Was Rousseau an Enlightenment figure?

Jean-Jacques Rousseau (painted portrait)

Portrait of Jean-Jacques Rousseau (1712–1778)

According to Immanuel Kant, Enlightenment is the process of humankind overcoming the inability of making use of one’s intelligence, with two decisive characteristics. First, using intelligence is supposed to be independent of others, without others instructing or guiding it. Second, the inability of using it independently does not originate from a lack of intelligence, but from inertia, indecisiveness or a lack of courage. (1)

Bringing another pivotal figure of that epoch into consideration of whom Kant was an admirer, Rousseau, who was nonetheless an ardent critic of the Enlightenment, much in contrast to the excitement of his contemporaries, it appears as a valid question whether he was a character of the era of Enlightenment, but not necessarily a figure of Enlightenment.

According to Rousseau, the exact thing which enables a human being to reason, his intelligence, “has its needs, just as the body does“ (2), which causes harm on the virtues, in particular on the urge for freedom. In his “Discourse on the Arts and Sciences”, he considers arts and sciences as inevitable endeavors of an independent human mind at work and points out its perils. The sciences destroy the fundamental urge for freedom, an expression of self-preservation, because “the sciences … and the arts spread garlands of flowers over the iron chains which weigh men down … and make them love their slavery.” (3).

They also have harmful impacts on on authenticity because of vanity. “In place of contemptible ignorance, we will substitute a dangerous Pyrrhonism…” (4). The arts as a sign of luxury “bring with it … the corruption of taste” (2), because “every artist wishes to be applauded” (5) and “will lower his genius to the level of his age” (6).

The arts and sciences render people unable of noticing their bondage and create new corruptions of the intellect. They not only distract people from their dependence, but make them blind to it by giving it treacherous countenance, thusly depriving them of their ability of breaking free from a new dependence. Vanity and the need for approval impedes determination and courage. These new shackles cause the inability of the individual of using his mind independently. One evil seems to be traded for another, even for the same. Humankind at best gains a treacherous state of intellectual maturity. A state of universal enlightenment does not seem to be attainable.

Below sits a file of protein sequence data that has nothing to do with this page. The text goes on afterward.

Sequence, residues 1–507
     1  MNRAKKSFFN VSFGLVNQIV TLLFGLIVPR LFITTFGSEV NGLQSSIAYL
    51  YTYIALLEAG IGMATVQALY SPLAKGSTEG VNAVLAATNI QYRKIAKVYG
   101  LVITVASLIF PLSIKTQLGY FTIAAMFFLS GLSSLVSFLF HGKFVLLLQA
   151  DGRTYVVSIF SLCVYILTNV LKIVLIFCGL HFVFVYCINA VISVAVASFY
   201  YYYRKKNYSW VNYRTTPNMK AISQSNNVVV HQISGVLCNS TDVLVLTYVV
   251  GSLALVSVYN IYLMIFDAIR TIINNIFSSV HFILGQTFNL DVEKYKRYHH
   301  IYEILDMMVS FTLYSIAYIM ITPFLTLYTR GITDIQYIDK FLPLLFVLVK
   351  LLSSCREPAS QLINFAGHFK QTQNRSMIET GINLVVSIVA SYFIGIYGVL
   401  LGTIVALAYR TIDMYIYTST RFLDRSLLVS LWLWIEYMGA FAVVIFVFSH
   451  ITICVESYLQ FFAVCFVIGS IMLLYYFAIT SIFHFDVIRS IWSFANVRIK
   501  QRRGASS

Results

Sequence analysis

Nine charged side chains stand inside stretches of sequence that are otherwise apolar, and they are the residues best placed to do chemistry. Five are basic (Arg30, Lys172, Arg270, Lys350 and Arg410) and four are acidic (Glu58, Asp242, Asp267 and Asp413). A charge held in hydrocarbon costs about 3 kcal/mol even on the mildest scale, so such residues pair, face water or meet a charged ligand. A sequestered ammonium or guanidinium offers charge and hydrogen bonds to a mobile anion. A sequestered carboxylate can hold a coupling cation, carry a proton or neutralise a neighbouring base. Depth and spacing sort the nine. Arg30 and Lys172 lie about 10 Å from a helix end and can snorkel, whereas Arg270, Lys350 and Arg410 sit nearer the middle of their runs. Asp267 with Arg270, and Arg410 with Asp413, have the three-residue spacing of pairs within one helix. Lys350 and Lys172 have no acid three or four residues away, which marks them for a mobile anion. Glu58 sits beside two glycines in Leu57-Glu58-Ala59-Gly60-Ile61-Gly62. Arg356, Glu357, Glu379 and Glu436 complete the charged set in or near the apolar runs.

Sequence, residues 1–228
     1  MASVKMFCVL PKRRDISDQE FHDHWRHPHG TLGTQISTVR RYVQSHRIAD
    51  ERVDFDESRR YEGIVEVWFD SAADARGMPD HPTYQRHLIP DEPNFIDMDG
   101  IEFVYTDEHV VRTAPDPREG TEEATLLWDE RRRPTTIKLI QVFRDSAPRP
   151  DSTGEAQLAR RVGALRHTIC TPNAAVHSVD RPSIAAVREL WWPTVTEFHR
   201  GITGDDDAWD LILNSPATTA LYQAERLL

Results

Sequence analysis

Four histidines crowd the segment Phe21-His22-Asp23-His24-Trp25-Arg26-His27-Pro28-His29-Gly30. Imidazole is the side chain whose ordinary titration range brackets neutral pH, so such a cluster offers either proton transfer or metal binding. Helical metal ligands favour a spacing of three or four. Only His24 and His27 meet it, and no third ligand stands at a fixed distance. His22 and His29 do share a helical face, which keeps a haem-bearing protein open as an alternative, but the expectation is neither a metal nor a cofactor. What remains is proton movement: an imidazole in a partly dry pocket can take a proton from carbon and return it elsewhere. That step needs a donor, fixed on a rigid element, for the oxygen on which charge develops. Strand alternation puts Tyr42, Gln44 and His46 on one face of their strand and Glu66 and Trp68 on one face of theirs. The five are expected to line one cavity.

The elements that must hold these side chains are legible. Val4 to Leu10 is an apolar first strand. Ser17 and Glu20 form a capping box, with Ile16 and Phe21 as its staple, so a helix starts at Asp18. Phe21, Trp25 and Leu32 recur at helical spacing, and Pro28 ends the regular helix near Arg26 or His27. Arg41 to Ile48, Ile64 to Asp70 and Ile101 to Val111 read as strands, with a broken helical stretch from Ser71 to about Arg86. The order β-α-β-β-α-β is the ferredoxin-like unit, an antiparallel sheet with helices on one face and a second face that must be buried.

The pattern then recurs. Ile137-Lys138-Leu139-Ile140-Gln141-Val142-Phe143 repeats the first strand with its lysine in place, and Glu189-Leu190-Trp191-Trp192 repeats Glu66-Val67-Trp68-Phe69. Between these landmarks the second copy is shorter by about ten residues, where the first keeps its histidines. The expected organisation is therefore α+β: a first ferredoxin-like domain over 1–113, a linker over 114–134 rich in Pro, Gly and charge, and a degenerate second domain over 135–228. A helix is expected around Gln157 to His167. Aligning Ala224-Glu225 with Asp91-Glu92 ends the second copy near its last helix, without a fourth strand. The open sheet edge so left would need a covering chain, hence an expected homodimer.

Kant, in contrast, albeit “as things are at present, we still have a long way to go before men as a whole can be in a position of using their own understanding confidently” (7), saw “distinct indications that … the obstacles to universal Enlightenment … are gradually becoming fewer” (8). For Kant, universal Enlightenment seems possible, whereas Rousseau’s only hope is to bring those “who have no need of teachers” (9), men of the caliber of Bacon, Descartes and Newton, together with the powerful, because “it is the task of this small number of people to raise monuments to the glory of the human mind” (10) – hardly a state of Enlightenment of all humans.

Taking into account Kant’s definition of Enlightenment, Rousseau shows the ability of using his reasoning without guidance and making the result of it public with mature self-responsibility, being aware of the dangers: „I anticipate that people will have difficulty forgiving me for the position I have dared to take. […] I can expect only universal censure …. and I cannot count on public approval.” (11)

Rousseau’s bold and trenchant argumentation against the Enlightenment despite the ubiquitous excitement about it in society characterizes an unguided use of a mature mind. He is indubitably a person beyond the state of self-incurred immaturity of an unenlightened individual.

Nevertheless, according to Kant’s definition, Enlightenment is the process of humankind emerging from intellectual maturity, not the final state. Being a figure of Enlightenment necessitates playing a promoting role in that global process, while Rousseau, per dint of his heavy critique, does the opposite. Kant himself makes a distinction between an “enlightened age” and “an age of enlightened”: “If it is now asked whether we at present live in an enlightened age, the answer is: No, but we do live in an age of enlightenment.” (12)

Rousseau, thinking well-conceived, original and unpopular thoughts publicly and being both aware of the personal disadvantages it can entail and his own vices, shows all the hallmarks of a person able of using his mind without tutelage, with courage, self-responsibility and the maturity of yielding it prudently. Nevertheless, considering his heavy critique against the perils of Enlightenment and his indications towards its universal elusivenesss, he appears less as a figure of Enlightenment than a character of an enlightened age.

1) 7) 8) 12) Immanuel Kant: “What is enlightenment?“, 1784
2) 3) 4) 5) 6)  9) 10) 11) Jean-Jacques Rousseau: „Discourse on the arts and sciences“, 1750

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